The recent data breach at Airbus was caused by an info-stealer called RedLine, which was most likely hidden in a pirated copy of Microsoft software, according to researchers. The European aerospace giant has announced the initiation of an investigation regarding the incident.
In a statement, it was emphasized that Airbus, being a major player in the high-tech and industrial sectors, is a prime target for malicious individuals. Airbus prioritizes cybersecurity and consistently monitors its IT systems. They have strong protection tools, experienced cyber experts, and established processes to promptly and effectively protect the company as necessary.
According to Hudson Rock, a cyber-intelligence firm, a threat actor known as “USDoD” and allegedly associated with the Ransomed ransomware group, has shared the breached data on the BreachForums site. The personal information of 3200 Airbus vendors, including Rockwell Collins and Thales Group, was exposed in a data dump. This information includes names, addresses, phone numbers, and email addresses.
Hudson Rock has confirmed the claim made by the threat actor that this originated from an employee’s access at Turkish Airlines. The computer is owned by a Turkish Airlines employee and holds important login credentials for Airbus, provided by third parties.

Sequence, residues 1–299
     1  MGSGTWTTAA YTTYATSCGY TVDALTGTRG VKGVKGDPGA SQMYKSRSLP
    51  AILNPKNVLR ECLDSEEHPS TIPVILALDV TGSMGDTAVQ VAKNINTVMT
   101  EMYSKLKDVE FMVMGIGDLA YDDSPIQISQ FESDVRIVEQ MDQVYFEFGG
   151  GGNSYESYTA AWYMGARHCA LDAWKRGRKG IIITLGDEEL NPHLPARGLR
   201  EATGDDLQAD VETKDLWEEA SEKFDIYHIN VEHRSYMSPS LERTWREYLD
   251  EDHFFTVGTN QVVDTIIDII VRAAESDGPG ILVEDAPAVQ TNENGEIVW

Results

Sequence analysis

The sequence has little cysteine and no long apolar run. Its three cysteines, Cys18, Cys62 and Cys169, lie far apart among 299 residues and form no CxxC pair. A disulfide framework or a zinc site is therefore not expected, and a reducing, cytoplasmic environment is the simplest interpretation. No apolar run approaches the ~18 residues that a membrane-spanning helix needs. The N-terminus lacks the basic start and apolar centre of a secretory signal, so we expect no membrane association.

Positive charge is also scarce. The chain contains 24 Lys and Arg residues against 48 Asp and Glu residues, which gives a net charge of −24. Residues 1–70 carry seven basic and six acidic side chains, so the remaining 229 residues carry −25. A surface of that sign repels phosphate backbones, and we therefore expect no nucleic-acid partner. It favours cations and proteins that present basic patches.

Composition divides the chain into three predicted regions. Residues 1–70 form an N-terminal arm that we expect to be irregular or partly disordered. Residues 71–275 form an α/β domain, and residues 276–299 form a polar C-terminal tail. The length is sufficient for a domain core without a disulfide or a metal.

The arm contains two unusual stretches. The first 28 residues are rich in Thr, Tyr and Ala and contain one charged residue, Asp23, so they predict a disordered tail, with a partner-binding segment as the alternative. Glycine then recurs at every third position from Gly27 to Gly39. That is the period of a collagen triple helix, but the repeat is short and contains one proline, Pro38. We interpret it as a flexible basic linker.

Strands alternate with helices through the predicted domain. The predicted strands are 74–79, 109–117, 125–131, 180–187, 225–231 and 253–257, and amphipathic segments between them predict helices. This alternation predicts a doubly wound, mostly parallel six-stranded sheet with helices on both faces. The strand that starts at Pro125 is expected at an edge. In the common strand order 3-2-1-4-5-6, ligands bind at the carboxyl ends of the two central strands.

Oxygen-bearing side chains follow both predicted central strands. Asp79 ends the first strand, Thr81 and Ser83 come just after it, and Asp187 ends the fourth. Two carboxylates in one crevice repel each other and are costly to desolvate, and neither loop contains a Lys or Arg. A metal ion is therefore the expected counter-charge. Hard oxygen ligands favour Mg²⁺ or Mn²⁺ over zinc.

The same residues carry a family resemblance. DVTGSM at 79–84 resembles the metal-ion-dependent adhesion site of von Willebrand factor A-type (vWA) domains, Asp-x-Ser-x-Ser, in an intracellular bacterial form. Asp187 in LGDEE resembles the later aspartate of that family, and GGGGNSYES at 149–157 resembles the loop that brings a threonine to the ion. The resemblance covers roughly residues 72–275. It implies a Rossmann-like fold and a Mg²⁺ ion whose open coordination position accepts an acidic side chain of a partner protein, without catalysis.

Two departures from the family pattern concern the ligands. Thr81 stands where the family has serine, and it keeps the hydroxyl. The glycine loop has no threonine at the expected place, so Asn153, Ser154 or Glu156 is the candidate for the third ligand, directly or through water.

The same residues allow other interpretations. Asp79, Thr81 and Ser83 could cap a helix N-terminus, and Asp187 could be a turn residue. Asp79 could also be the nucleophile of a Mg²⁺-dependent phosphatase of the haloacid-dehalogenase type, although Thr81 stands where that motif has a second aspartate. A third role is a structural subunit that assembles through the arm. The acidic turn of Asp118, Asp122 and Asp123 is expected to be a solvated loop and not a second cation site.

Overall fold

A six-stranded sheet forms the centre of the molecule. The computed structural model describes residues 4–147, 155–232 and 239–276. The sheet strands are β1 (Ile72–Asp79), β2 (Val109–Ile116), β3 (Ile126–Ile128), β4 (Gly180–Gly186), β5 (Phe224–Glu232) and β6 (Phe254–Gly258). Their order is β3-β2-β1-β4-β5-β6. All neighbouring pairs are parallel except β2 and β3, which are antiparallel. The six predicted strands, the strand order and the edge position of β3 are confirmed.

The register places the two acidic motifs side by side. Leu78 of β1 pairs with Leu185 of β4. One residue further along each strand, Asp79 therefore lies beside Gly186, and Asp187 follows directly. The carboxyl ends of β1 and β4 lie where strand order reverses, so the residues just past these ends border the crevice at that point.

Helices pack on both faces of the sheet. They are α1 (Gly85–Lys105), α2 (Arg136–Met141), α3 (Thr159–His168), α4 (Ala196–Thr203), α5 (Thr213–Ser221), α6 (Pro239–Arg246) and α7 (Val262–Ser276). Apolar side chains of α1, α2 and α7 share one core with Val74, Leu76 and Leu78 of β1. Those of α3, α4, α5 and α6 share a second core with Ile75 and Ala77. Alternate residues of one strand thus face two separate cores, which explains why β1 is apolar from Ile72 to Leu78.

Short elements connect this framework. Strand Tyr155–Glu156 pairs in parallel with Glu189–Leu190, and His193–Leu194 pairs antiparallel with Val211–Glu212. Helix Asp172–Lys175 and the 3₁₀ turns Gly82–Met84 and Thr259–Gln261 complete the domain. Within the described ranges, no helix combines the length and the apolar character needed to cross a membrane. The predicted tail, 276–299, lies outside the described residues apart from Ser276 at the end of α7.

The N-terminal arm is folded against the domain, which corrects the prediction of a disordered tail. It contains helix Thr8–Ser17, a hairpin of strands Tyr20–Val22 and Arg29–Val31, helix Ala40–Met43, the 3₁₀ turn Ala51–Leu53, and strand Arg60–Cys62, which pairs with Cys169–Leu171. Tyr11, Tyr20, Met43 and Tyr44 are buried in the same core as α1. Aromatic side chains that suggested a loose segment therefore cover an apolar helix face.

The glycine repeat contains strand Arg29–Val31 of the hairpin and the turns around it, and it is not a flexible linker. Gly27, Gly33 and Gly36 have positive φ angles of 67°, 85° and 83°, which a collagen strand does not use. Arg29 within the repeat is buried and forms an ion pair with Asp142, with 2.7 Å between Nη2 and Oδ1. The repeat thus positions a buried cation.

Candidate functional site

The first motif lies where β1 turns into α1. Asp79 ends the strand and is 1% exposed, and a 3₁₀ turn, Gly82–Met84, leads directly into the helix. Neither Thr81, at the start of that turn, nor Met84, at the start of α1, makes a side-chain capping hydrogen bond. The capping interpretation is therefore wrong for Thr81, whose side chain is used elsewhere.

The explanation provided states that the victim apparently made an attempt to download an illegal version of the Microsoft .NET framework, as indicated in the path of the malware.
As a result, they became victims of a threat actor who used the widely used RedLine info-stealing family. There is a concerning hint from the USDoD that the aerospace industry could potentially face more victims, including renowned US defense contractors like Lockheed Martin and Raytheon. Previously, it was believed that the individual responsible for infiltrating the FBI’s InfraGard information-sharing network was the threat actor.
Samantha Humphries, a senior director at Exabeam, said that to reduce supply chain risk, it is important to carry out tabletop exercises, monitor credentials, and plan for breach response. “Security leaders have a crucial role to play in due diligence discussions regarding supplier risk. Moreover, they should establish and oversee processes and monitoring systems to effectively detect and respond to supply chain attacks,” she emphasized.
This is a necessary expense for businesses and should be seen as something that helps businesses operate effectively and comply with regulations.